CRA-CMA still manages a network of weather stations located throughout the country. The historical archive of weather data is of unique importance (with six million data points for each observed weather variable) and is one of the few in the world with multi-centennial meteorological and climate data series. “Such data are key for the undertaking of climate studies aimed at land use, agrometeorology, renewable energy sources and energy saving. “To this day, CRA-CMA’s Rome Meteorological Observatory’s unbroken series of centuries of weather reporting remains of paramount importance for the study of climate changes in the city“.
As it happens, CRA-CMA’s Curator Dr Franca Mangianti is no rabid AGWer (time will tell if that’s got anything to do with the threatened closure):
Q: You take care of more than a century of continuous weather observations, recorded year after year in the “bulletins”. What can you tell us about climate change? Are we really going towards a catastrophe?
A: Actually, regarding the “global warming” issues, our data tell us that the temperature in Rome has increased 0.8C during a hundred years, i.e. less than a degree. That’s very little really. Historically Earth has seen long cold and warm periods (we are talking about years and sometimes centuries). Over the past twenty years, for example, we have experienced a warmer period and it is therefore quite normal that temperatures have slightly increased. This does not mean that temperatures will go up forever. Indeed, it is very likely that in a few years they will start going down again. Unfortunately a kind of excessive alarmism bases itself on the application of mathematical models to meteorological data, without including a proper analysis of the past. About rainfall, however, the last century has certainly seen a decrease. In Rome, it rains now far less than in the past and this better be considered before embarking into exaggerated alarms, for example, about future floods of the river Tiber. With rains like we get nowadays, and the protections built on Garibaldi’s inspiration, you can be sure that the Tiber in Rome will not overflow again.
An interesting article among the scientific literature that has come out of CRA-CMA:
M. Colacino and A. Lavagnini, Evidence of the urban heat island in Rome by climatological analyses, Theoretical and Applied Climatology, Volume 31, Numbers 1-2, 87-97, DOI: 10.1007/BF02311344
The analysis of air temperature data covering a period of 12 years (1964-1975) in a meteorological station network situated in the low Tiber Valley, shows clearly the effect of the heat urban island due to the city of Rome. This effect occurs with different intensity according to the seasons and to minimum and maximum temperatures.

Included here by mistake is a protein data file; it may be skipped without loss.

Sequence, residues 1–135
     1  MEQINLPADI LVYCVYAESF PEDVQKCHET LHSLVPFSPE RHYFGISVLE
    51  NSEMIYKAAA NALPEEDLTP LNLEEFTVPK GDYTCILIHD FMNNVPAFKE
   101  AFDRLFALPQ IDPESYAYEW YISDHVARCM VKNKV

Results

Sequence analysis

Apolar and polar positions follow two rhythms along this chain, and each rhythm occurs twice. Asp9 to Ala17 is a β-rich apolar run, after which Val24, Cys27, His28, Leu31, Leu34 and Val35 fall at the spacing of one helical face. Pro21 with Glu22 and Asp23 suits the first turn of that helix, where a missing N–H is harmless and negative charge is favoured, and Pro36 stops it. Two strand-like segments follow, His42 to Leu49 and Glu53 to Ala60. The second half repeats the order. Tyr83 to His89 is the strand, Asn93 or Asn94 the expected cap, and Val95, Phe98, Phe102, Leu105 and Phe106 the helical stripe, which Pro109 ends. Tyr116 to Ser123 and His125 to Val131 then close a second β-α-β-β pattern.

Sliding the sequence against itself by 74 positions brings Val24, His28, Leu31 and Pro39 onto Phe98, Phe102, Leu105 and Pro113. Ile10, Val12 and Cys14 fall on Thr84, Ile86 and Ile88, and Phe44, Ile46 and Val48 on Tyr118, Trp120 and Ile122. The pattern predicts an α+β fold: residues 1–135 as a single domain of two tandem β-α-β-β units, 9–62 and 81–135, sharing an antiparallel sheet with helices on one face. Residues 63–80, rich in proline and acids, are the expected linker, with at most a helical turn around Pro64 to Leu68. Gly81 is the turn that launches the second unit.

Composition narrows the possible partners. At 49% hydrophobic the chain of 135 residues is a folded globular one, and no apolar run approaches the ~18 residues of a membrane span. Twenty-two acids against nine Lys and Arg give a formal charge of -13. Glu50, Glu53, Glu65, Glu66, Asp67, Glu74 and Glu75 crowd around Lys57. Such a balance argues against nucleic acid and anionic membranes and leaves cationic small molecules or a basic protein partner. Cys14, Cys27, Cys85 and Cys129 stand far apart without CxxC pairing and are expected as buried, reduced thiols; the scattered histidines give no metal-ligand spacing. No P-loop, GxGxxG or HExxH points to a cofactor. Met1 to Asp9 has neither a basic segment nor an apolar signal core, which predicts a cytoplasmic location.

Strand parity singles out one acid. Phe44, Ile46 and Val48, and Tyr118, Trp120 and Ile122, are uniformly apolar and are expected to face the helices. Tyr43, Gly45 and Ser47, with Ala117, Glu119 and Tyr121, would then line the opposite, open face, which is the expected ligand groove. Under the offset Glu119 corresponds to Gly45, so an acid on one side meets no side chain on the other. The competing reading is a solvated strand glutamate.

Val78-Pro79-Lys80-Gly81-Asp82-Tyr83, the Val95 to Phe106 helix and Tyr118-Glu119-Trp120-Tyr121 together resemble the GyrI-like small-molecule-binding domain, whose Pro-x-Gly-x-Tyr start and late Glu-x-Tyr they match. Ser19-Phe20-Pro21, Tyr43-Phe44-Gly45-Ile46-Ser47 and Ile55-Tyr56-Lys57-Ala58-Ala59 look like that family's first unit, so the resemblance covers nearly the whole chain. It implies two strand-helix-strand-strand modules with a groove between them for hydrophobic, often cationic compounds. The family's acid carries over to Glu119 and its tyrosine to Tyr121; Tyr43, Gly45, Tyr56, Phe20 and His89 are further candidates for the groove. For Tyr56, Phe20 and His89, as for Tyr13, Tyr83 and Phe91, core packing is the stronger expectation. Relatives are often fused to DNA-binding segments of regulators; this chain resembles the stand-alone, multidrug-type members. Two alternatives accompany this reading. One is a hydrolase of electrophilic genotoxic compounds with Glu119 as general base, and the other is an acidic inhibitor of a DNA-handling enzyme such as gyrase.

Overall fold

And lest anybody thinks Exxon and the Koch brothers have been busy taking over a meteorological station in Rome:
Andrea Toreti and Franco Desiato, Changes in temperature extremes over Italy in the last 44 years, International Journal of Climatology, Volume 28, Issue 6, pages 733–745, May 2008, DOI: 10.1002/joc.1576
Changes in temperature extremes over Italy from 1961 to 2004 were evaluated on the basis of minimum and maximum temperatures measured by 49 synoptic stations uniformly distributed over the country. A set of extreme temperature indices of the Commission for Climatology/Climate Variability and Predictability (CCl/CLIVAR) Working Group on Climate Change Detection was calculated and statistically analysed in order to detect the presence of trends and quantify the variations of the indices for different time periods. Most of the indices, averaged over all stations, show a cooling trend until the end of the 1970s followed by a more pronounced warming trend in the last 25 years. The net variation of the indices reflects an increase in the extremes of the temperature distribution. Among the most significant results, an average increase of 12.3 summer days and 12.4 tropical nights in the overall 44 years are estimated. No significant differences between northern, central and southern Italy are found for most indices, indicating that the trends originate from large-scale climate features; however, the largest increase of tropical nights is observed at coastal stations. Copyright © 2007 Royal Meteorological Society